Gaultier Exhibit Makes for a Fashionable Dallas Destination

I recently visited my hometown of Dallas, TX for a self-designed fashion weekend. I’m from Dallas, but currently reside in Deep South Texas. While South Texas does have much to offer its residents, exciting fashion is not really one of them. The launch of Versace at H&M was the true motivating factor of my trip. I’ve recently found myself intrigued and lured by these pop-culture type fashion events, where high-end fashion houses make their designs more available to us cheap fashion slaves.

What turned it into a fashion “weekend” was the fact that the Dallas Museum of Art had just opened the “Fashion World of Jean Paul Gaultier: From Catwalk to Sidewalk” exhibit. Dallas is the exhibit’s first of two U.S. stops, and it is a must see. Even though I did score some nice Versace pieces, taking a walk through the fashion world of Gaultier was the best part of my Dallas fashion weekend.

The exhibit is wide-ranging and includes over 100 ensembles. Mannequins topped with Stetson cowboy hats and donned in designs styled especially for the Dallas opening greet us upon entering the exhibit. (It should be interesting to see what the designer offers at the exhibit’s San Francisco stop.)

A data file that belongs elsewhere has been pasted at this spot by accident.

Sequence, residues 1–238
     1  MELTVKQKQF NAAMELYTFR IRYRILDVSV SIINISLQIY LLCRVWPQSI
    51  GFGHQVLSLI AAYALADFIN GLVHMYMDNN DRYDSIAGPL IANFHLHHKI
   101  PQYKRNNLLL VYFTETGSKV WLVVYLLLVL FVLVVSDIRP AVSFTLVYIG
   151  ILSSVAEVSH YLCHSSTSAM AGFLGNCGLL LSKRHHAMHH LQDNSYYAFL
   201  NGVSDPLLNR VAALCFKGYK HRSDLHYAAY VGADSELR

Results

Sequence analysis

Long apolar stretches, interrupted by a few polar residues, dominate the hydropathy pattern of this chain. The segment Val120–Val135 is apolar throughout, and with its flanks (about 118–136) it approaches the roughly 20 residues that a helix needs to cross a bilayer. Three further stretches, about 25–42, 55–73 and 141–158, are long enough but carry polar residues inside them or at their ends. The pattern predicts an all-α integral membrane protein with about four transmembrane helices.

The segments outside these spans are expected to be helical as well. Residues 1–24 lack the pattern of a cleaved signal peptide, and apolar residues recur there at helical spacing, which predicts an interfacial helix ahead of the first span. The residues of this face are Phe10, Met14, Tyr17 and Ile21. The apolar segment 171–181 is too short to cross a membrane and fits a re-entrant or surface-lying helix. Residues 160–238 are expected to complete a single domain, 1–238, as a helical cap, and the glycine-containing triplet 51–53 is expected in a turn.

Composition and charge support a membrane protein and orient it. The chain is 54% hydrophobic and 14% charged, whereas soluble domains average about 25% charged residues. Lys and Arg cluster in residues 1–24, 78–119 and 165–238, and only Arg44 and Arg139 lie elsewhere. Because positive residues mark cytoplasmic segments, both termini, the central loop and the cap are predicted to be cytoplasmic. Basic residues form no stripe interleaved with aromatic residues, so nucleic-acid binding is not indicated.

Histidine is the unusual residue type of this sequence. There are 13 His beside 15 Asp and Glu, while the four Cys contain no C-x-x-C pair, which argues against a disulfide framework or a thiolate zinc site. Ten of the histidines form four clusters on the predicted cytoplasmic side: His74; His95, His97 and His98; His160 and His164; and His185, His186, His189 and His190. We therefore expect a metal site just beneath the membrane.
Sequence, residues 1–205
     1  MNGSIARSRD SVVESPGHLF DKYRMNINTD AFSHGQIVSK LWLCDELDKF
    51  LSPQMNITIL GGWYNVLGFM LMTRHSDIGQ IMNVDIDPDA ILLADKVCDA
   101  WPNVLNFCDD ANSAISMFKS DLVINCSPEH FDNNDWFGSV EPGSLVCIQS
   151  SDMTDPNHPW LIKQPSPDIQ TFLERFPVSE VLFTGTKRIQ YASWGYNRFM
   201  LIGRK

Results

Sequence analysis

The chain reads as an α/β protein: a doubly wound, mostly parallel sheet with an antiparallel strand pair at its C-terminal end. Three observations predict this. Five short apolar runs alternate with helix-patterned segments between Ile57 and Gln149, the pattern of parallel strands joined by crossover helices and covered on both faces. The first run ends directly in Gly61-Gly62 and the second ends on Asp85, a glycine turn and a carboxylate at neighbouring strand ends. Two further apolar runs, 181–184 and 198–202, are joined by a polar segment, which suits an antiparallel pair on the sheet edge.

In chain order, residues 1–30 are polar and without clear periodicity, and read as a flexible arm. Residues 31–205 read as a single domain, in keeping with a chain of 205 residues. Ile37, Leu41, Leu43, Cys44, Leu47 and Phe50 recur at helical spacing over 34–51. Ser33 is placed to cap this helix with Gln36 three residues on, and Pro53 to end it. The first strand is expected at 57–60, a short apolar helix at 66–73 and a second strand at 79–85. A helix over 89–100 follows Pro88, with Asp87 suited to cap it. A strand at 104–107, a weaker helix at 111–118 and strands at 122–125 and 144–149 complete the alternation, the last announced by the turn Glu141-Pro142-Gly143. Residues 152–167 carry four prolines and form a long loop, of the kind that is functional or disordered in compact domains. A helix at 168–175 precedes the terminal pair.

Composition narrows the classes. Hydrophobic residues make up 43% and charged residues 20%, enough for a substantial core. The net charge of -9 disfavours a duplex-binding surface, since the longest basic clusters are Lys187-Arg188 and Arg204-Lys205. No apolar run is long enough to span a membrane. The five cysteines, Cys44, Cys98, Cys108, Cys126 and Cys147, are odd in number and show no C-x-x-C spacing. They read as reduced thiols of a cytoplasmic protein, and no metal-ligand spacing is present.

Inside, patrons pass through differently themed rooms, each depicting a particular aspect of Gaultier’s various collections and visions. For example, the Boudoir features Gaultier’s lingerie-inspired garments, including the unforgettable coned bras and corsets worn by and designed for Madonna’s Blonde Ambition Tour.

Another room features a small version of a runway, complete with little chairs for front-row viewing. Designs make their way down the runway and turn, similar to the “finale” of a runway show. In the same room, Gaultier’s punk-inspired designs line a wall, and the exhibit’s title becomes literal, as viewers can see how the haute couture designer also created very wearable, functional clothes.

The exhibit includes many little surprises in the display of the garments, and it may try to do a little too much. There is a lot of fashion to admire, which can be hard to take in with crowds. It must be hard, however, to pick pieces from a designer whose influence on fashion, music, film and pop culture spans three decade.

Next time, I’ll just wear different shoes, because I will be making another stop by the DMA for this one. It’s not too often one can get this close to haute couture, and once you are this close to it, the true art of fashion is undeniable. Gaultier’s pieces have amazing lines and are impeccably crafted. The show does an excellent job of portraying and communicating Gaultier’s vision and point of view. It is a fun and sexy exhibit, bringing out both the beautiful and bizarre fashion world of Gaultier.

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